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Standard fact sheet.

Enforcing payment 

What if the respondent fails to pay the adjudication amount? 

The claimant can ask the Authorised Nominating Authority (ANA) to provide an adjudication certificate. The claimant can then obtain a judgment debt by filing the following documents with the court:

  • the adjudication certificate
  • the 'Registration/filing of certificate of judgment or order' form, and
  • an affidavit.

The affidavit must state that the whole or any part of the adjudicated amount has not been paid at the time the certificate is filed. The affidavit must be sworn or affirmed before a Justice of the Peace or solicitor. Fees will be payable to the ANA and the court. The court will then give the claimant a certificate of judgment.

The judgment debt is enforceable in the same way as any court judgment, without the need for the court to decide the matters in dispute. Access court documents and forms online in our Related information section.  

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What can the claimant recover after adjudication? 

The claimant may recover what has been determined by the adjudicator and certified by the ANA. This will be the amount of the payment due and may also include: 

  • the respondent's share, if any, of fees paid by the claimant
  • interest on any unpaid progress payment from the date due to the date of the certificate.

Where to start your case is determined by the amount claimed:

  • up to $10,000: the Small Claims Division of the Local Court
  • more than $10,000 and up to $100,000 (or $120,000 in some limited circumstances): the General Division of the Local Court
  • above $100,000 (or $120,000 in some limited circumstances): the District Court or the Supreme Court.

There is no need to issue a summons. If the respondent wishes to stop enforcement of the judgment, they must make an application to the court to set aside the judgment. To do so, the respondent must pay into court as security the unpaid portion of the adjudicated amount. This eliminates any advantage the respondent may have had by retaining the disputed amount while legal proceedings were in progress.

If the respondent makes an application to set aside the judgment for the adjudicated amount, the claimant will usually need a solicitor to help them oppose it.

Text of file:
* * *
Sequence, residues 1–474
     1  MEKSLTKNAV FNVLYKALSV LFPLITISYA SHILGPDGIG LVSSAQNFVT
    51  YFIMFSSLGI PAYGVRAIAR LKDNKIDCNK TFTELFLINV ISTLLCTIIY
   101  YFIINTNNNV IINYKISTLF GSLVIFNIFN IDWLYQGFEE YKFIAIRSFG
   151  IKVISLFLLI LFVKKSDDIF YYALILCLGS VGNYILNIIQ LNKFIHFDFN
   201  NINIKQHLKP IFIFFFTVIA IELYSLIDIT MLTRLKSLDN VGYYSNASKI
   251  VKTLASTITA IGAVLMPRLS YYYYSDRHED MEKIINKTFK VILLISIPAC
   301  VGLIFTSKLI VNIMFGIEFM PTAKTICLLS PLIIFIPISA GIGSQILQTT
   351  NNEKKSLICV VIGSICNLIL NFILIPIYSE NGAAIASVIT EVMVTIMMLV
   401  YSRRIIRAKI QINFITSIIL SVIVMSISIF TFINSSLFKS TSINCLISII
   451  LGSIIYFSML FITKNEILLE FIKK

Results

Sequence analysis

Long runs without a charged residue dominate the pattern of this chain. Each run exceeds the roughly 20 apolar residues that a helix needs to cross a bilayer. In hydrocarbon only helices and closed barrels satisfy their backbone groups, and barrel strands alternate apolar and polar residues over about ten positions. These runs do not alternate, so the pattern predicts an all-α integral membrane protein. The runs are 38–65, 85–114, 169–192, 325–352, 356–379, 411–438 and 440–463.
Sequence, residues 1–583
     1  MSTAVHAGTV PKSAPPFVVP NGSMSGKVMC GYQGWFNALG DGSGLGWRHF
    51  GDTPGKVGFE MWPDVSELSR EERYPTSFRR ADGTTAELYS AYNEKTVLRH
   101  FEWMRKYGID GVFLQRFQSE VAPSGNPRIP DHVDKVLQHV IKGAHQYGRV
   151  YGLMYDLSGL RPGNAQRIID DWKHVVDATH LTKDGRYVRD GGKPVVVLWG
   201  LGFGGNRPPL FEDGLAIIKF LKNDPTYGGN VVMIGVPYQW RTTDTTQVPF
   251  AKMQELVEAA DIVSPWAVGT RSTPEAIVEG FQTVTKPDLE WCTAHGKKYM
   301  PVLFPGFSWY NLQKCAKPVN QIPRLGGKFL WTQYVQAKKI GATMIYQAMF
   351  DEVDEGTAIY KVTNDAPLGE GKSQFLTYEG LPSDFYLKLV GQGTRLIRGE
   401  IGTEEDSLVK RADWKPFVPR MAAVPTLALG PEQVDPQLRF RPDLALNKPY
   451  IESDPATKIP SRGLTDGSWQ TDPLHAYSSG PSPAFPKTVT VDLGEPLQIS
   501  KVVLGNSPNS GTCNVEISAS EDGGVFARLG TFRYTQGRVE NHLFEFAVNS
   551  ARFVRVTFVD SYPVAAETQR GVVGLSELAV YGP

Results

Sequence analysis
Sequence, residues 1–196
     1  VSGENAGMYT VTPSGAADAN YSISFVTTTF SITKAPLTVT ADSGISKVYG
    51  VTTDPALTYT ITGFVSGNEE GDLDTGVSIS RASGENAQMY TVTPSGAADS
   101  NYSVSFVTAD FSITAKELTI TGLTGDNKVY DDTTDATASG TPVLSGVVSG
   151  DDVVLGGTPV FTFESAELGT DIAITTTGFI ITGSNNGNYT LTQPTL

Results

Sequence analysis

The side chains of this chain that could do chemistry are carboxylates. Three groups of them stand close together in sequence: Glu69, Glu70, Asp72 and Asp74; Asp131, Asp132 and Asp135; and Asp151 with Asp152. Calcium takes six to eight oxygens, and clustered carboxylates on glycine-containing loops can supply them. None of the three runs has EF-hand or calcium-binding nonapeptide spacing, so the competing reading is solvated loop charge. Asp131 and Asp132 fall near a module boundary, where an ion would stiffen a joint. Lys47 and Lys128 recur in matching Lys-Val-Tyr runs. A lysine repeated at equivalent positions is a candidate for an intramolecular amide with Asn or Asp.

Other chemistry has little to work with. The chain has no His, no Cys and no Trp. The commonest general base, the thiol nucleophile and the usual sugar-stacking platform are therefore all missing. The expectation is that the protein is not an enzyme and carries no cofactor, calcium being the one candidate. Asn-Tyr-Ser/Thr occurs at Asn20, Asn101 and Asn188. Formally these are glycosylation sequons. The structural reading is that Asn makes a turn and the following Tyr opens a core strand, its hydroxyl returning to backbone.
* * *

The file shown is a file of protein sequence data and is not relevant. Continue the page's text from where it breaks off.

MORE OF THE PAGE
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Can I exercise a lien? 

Once a progress payment becomes due and payable, the claimant is entitled to exercise a lien over any unfixed plant or materials supplied by the claimant for use in the construction work. A lien is the right to seize and sell goods in order to obtain payment. If the goods are sold for more than the amount owed then the balance must be paid to the respondent. If you, the respondent, have failed to pay the adjudicated amount, a lien is one way of recovering some or all of the money you are owed.

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Can I use the Contractors Debts Act to recover payment? 

The claimant may also use the Contractors Debts Act 1997 where they are a subcontractor doing work for or providing goods to a head contractor who has been engaged by a principal. When lodging the adjudication certificate, the claimant would ask the court for a debt certificate under section 7 of the Contractors Debts Act 1997.

The debt certificate directs the principal to pay the claimant's judgment debt from any money that may be due to the main contractor. The clerk of the court will require the claimant to provide details of the principal and evidence that the work or goods the subject of the claimant's claim is part of or incidental to the work under the main contract between the head contractor and the principal. It is strongly recommended that the claimant seek legal advice before taking this course of action. Access forms online for the Contractors Debts Act 1997 from our Related information section.   

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